High Grade Magnesia Production
Historically, and due principally to the small size of most known cryptocrystalline deposits, production of high grade magnesia products was mainly by extraction from natural brines or seawater (synthetic MgO), a high cost and energy intensive process. High quality deposits, provide an alternative source of supply to the high cost seawater-sourced magnesia.
Uses of Fused Magnesia
Magnesia products (calcined, deadburned and fused) are widely used in a range of market applications.
Is used in agricultural and industrial applications, eg, as a feed supplement to cattle, fertilisers, electrical insulations, industrial fillers, and in flue gas desulphurisation.
Is used almost exclusively for refractory applications in the form of basic bricks and granular refractories. Deadburned magnesia has the highest melting point of all common refractory oxides and is the most suitable heat containment material for high temperature processes in the steel industry. Basic magnesia bricks are used in furnaces, ladles and secondary refining vessels and in cement and glass making kilns.
Fused magnesia is superior to deadburned magnesia in strength, abrasion resistance and chemical stability. Major applications are in refractory and electrical insulating markets. Producers of fused magnesia commonly fall into one of two categories: those producing refractory grades and those producing electrical grades. Few producers serve both markets on a mainstream basis.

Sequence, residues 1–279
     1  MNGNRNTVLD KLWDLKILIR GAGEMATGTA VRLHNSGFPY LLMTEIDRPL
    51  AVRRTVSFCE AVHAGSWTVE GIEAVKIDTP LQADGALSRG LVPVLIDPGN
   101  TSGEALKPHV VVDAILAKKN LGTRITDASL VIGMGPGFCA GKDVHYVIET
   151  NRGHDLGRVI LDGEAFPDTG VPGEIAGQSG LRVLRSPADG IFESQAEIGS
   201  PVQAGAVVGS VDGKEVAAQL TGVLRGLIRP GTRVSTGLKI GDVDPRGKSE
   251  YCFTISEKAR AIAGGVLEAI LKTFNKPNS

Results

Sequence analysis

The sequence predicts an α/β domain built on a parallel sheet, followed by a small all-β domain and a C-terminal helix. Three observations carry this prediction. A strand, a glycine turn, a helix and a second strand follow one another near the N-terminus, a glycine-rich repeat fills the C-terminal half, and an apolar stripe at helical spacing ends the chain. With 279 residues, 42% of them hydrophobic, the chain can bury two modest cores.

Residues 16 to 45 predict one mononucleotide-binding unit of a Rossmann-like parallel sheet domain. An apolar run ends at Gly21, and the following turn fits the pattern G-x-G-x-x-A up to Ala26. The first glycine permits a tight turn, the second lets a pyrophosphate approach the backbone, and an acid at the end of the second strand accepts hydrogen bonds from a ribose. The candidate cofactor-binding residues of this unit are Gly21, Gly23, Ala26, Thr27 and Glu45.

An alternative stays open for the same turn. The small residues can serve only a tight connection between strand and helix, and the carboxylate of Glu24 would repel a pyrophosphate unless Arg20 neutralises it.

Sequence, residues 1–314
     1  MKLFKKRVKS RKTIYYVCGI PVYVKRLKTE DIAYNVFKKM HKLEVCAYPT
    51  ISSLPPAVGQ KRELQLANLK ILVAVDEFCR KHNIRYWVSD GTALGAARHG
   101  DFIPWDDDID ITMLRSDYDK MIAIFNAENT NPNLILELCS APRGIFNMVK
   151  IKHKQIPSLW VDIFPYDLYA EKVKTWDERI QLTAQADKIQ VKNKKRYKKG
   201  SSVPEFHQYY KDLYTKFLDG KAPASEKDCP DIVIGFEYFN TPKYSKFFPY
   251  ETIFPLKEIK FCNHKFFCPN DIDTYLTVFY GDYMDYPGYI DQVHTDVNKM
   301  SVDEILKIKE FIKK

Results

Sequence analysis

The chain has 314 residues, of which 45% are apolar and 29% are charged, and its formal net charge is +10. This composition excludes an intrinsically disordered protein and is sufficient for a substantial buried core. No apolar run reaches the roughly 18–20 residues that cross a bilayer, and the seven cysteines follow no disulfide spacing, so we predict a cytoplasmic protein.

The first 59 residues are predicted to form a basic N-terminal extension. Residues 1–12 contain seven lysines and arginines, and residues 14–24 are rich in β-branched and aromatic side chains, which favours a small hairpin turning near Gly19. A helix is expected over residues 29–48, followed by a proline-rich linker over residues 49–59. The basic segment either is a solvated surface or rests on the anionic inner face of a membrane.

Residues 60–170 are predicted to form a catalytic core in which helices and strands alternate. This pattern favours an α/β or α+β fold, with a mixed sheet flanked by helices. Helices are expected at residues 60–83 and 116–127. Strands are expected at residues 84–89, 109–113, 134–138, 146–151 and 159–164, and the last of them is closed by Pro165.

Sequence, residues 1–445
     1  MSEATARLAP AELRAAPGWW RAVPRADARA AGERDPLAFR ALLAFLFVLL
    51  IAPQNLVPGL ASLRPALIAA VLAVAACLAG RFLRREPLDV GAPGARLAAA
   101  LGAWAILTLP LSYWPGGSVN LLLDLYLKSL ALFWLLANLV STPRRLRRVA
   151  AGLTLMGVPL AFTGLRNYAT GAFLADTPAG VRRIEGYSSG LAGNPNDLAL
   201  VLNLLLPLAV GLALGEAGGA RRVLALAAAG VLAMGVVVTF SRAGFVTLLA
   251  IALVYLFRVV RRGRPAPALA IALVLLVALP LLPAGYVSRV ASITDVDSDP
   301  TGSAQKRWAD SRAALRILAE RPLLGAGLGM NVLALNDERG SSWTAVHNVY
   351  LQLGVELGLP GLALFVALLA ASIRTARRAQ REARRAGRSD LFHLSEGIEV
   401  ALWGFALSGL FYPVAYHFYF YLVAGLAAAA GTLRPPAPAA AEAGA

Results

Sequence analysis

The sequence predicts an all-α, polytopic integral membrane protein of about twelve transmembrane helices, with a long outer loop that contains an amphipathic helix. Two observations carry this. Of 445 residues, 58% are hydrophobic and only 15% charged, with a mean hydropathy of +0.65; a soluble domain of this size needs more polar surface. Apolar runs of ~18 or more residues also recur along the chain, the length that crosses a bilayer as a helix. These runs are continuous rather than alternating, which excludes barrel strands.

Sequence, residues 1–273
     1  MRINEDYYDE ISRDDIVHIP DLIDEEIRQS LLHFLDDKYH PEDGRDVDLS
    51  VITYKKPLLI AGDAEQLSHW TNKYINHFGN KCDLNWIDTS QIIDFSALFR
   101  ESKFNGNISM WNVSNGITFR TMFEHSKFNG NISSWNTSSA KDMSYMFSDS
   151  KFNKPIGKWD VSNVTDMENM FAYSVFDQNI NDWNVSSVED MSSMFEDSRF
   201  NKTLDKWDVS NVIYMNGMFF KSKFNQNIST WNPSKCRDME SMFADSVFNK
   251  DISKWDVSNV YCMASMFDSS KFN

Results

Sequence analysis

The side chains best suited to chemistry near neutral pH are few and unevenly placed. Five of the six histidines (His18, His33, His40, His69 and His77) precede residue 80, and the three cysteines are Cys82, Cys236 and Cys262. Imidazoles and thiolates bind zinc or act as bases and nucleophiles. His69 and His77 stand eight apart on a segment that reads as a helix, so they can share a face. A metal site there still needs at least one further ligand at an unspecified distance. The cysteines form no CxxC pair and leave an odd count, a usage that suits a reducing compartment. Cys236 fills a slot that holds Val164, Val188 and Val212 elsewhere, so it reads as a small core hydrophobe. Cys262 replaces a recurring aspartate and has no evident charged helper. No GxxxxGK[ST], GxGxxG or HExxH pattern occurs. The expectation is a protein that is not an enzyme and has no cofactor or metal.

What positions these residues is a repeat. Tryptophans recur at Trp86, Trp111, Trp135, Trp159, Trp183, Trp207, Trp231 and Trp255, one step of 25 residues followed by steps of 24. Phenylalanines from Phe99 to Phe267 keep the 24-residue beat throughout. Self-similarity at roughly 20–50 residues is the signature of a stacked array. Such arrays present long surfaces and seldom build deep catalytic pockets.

Refractory Grade Fused Magnesia
The addition of fused magnesia grains can greatly enhance the performance and durability of basic refractories such as magcarbon bricks. This is a function of a higher bulk specific gravity and large periclase crystal size, plus realignment of accessory silicates. Refractory grade fused magnesia has exacting specifications and is normally characterised by the following:
• Generally high magnesia content (minimum 96 per cent MgO and up to/exceeding 99 per cent MgO)
• Low silica; lime:silica ratios of 2:1
• Densities of 3.50 g/cm3 or more
• Large periclase crystal sizes (>1000 microns)
Due to its excellent corrosion resistance, refractory grade fused magnesia is used in high wear areas in steel making, eg, basic oxygen and electric arc furnaces, converters and ladles.
Ultra high purity (>99 per cent MgO) grades have been used in high-tech applications such as optical equipment, nuclear reactors and rocket nozzles.
Electrical Grade Fused Magnesia
Fused magnesia is also used as an electrical insulating material in heating elements. Although electrical grades of fused magnesia have very tight specifications, they do not necessarily require the highest MgO contents or densities. Impurities such as sulphur and iron are particularly undesirable, but the product should contain sufficient silica to enhance its electrical properties. The following are characteristic of electrical grade fused magnesia:
• Low levels of boron, sulphur, iron and trace elements.
• Lime: silica ratios of 1:2 (opposite to refractory requirements).
• Used as electrical insulating material in ceramic sheaths for heating elements.